Ford Debuts Advanced Occupant Protection Technology
DEARBORN, MI – In this Ford Motor Company lab, there’s no such thing as a headache. Even after hitting “human” heads against several points within vehicle interiors as often as 15 times a day.
It’s all done in the name of safety at Ford’s new automotive safety facility, the Certification Test Laboratory, which can conduct some of the most comprehensive occupant protection crash simulation tests in the world.
By simulating head injuries during collisions, Ford is collecting important data used to make safety-related design decisions earlier in the product development process than ever before – long before costly prototype vehicles are ever built.
Ford Motor Company uses a velocity generator to simulate head impacts during collisions. The Interior Head Impact laboratory is one of 12 labs in the new Ford facility, unveiled today in Dearborn.
The new facility is part of the company’s current $65 million investment in advanced vehicle testing technology, aimed at delivering more vehicles, safer and of the highest quality, to customers.
Other facets of the vehicle testing upgrades include:
Volvo Arizona Proving Grounds. Ford relaunched its proving grounds in Whitman, Ariz., last year with a $10 million investment. New and advanced features include a 36-bay garage, 2.1-mile straightaway, steering and handling course, lane-change pad, 200-foot vehicle dynamics circle and mini-ride roads.
Dearborn Proving Ground is undergoing extensive renovation for an all-new track with advanced testing technology. Details will be announced at a later date.
Wireless engineering. Some 8,000 Ford design engineers now have walkie-talkie style mobile phones and wireless laptop computers, increasing mobility between their office and test track, which are equipped with wireless Internet connectivity.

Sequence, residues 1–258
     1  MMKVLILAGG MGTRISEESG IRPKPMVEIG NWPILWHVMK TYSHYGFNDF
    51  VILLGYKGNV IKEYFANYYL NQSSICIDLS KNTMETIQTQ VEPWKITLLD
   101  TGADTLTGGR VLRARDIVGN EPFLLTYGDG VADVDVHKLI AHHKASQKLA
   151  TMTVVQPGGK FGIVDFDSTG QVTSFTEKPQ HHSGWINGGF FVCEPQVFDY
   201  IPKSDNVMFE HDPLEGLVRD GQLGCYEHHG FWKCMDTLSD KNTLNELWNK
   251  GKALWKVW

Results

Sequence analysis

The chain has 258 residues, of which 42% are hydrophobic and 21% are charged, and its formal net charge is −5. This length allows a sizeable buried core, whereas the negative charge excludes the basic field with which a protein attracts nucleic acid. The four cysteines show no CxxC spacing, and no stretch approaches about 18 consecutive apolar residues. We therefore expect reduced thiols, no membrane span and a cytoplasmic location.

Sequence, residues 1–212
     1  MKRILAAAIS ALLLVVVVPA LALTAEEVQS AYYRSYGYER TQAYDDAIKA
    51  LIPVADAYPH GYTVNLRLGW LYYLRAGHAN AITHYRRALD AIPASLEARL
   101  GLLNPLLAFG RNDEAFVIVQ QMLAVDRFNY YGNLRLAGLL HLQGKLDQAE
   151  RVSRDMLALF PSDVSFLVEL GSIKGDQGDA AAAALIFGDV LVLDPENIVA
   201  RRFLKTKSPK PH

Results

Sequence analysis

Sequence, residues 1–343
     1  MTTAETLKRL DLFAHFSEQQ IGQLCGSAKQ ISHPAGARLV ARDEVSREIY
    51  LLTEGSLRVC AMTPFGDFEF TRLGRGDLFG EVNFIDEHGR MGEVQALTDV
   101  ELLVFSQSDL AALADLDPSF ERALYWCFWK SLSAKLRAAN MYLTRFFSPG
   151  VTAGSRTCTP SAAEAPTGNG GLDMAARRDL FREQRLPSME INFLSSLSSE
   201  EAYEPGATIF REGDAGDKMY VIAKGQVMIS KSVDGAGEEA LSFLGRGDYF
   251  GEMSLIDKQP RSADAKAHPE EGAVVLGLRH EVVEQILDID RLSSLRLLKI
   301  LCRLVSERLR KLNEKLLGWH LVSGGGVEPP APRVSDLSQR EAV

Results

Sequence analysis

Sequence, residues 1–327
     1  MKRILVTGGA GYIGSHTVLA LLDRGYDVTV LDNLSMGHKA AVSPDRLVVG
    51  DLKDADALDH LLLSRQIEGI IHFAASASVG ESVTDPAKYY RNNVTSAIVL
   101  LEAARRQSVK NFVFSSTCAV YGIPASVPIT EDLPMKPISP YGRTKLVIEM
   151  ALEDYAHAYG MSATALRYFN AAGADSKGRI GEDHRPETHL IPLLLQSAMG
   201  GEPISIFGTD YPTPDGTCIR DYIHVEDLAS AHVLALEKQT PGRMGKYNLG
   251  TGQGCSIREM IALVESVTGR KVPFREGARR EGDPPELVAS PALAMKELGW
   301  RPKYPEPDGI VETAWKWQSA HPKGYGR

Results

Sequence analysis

With the new safety lab, Ford now has the capability to simulate five complex collision scenarios on one crash simulator. Ford’s Servo-Hydraulic Reverse Crash Simulator can recreate the way a vehicle pitches, or tilts, forward during frontal impact. Other important tests include frontal impact without pitching, destructive and non-destructive side impact and rear impact simulations. Taken together, these tests provide more comprehensive collision data, faster, resulting in safer vehicles for customers.
Another important test conducted at the new facility is the Occupant Out-of-Position test. This test provides data used to design airbags and safety belts that help prevent injuries to occupants of all sizes – including children – in a variety of collisions. The 2006 Ford Explorer, for example, has adaptive airbags, which uses inputs from various vehicle sensors to alter airbag deployment depend-ing on the position and size of the occupant.
Together with its operations around the world, Ford has four full-vehicle crash facilities and seven collision simulators testing full-restraint systems in North America, Europe, and Japan.
Volvo Cars’ safety laboratory in Gothenburg, Sweden gives Volvo Cars the ability to recreate a wide range of real-world collisions, including impacts between two moving vehicles of varying weights and under severe conditions. Complex crash tests are possible through a unique test-track design. One track is stationary and one is moveable.